Updating readers on the state of the economy has been a painful task over the past several years. It has been many decades since we've had such a convergence of negative results across virtually all major indicators used to measure our economic performance. While it will still be some time until we return to consistent and sustainable growth that can support the creation of millions of high-paying jobs, recent reports suggest we may be seeing the first signs that we are moving towards improvement. Let’s take a closer look at three important economic indicators that are turning positive: GDP growth, durable goods orders and the ISM Factory Index.
According to the Bureau of Economic Analysis, the U.S. Gross Domestic Product (“GDP”) grew at an estimated 2.5 percent during the third quarter of 2011. This is more than many economists anticipated and represents a significant improvement over the previous quarter's 1.3 percent growth. GDP growth is one of the most important measures for the overall health of the economy. It tracks the value of all goods and services produced in the United States over a period of time. While this is good news, we need to take it with a grain of salt. This measure of growth is an "advance estimate" which means it is subject to further revision over the next several weeks. There can be significant changes between the advance estimate and the actual growth experienced.
Durable goods orders
Durable goods orders are an important measurement of the performance of the U.S. economy. A durable good is an asset with two main characteristics: first it has a long useful life, typically more than three years; second, it has to be manufactured. Construction machinery and sports equipment are examples of durable goods. Durable goods are expensive compared to non-durable goods which are instead consumed in a single use like a tank of gasoline or last a short amount of time. Retail stores that sell durable goods have to monitor demand carefully before placing orders from manufacturers. Ordering too much durable goods inventory relative to demand will consume a retailer's cash and leave them with stores full of outdated items that won't sell. When economic conditions are poor, orders for these types of items plummet.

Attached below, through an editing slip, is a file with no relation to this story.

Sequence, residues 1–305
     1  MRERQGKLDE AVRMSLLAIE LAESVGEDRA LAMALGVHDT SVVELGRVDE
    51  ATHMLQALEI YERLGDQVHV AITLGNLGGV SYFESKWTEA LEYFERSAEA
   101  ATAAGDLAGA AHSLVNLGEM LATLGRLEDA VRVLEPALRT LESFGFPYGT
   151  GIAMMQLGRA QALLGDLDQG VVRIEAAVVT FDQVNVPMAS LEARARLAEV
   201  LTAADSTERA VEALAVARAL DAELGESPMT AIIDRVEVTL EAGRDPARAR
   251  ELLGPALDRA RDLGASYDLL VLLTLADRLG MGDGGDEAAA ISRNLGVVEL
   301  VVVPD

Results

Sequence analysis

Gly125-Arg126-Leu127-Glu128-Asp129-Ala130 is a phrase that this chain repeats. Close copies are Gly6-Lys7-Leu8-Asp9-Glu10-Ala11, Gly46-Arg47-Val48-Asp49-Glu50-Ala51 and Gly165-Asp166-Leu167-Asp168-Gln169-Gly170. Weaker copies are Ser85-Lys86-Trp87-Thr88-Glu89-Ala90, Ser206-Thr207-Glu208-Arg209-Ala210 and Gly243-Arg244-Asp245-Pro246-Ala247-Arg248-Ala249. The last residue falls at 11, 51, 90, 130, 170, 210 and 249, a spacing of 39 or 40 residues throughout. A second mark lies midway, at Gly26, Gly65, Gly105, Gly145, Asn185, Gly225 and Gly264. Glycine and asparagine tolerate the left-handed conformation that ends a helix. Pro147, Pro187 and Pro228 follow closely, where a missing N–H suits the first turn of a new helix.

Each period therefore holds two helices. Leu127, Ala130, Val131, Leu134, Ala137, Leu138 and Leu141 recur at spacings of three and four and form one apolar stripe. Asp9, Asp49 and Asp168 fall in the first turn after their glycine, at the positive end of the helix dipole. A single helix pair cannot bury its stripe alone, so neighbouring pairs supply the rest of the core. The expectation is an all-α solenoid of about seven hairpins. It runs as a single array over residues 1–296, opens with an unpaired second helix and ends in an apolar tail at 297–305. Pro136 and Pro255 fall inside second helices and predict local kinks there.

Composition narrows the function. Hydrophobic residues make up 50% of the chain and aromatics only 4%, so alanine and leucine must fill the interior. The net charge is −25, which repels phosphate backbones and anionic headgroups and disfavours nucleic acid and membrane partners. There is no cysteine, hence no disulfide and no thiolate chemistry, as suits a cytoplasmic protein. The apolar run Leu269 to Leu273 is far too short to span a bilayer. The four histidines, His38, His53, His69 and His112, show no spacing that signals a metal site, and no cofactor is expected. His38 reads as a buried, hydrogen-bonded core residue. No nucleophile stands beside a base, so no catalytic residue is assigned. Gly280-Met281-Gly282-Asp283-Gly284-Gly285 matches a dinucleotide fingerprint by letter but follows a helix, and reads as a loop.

According to the Department of Commerce orders for most durable goods—all excluding transportation equipment—rose by 1.7 percent during the month of September. This is the highest percentage growth in half a year and exceeded by four times the growth that many economists had forecasted.
According to Carlos Seiglie, Ph.D., Professor of Economics at Rutgers University, a significant portion of the increase in these orders is due to foreign buyers. “As the U.S. dollar maintains a relatively low value compared to other currencies, demand for U.S. manufactured goods increases which boosts durable goods orders and leads to more domestic manufacturing jobs” he indicated. Within the durable goods category, several subcategories stand out in terms of new orders. Industrial machinery orders increased by nearly 2 percent and information technology orders increased by a whopping 6 percent.
ISM Factory Index
Despite the fact that we live in a service-based economy, manufacturing still represents approximately 12 percent of our gross domestic product and continues to play a material role in generating jobs. Tracking changes in manufacturing activity provides a solid indicator for the performance of our economy. One of the most widely watched indicators is produced by The Institute for Supply Management ("ISM") which is a non-profit organization that has served the supply management industry for nearly a century. Among their duties is to track and publish statistics related to manufacturing, including the "factory index" which measures whether manufacturing companies are expanding or contracting production. The September ISM Factory Index rose to 51.6; any reading above 50 indicates an expansion in manufacturing activity.
Is the economy out of the woods?
Our economy still has a very long way to go before we can consider ourselves to be on a path towards sustainable, productive growth. The change won't happen overnight; it will happen gradually. Improving GDP growth, durable goods orders and manufacturing activity are good first steps. Let’s see if our economy can continue this trend.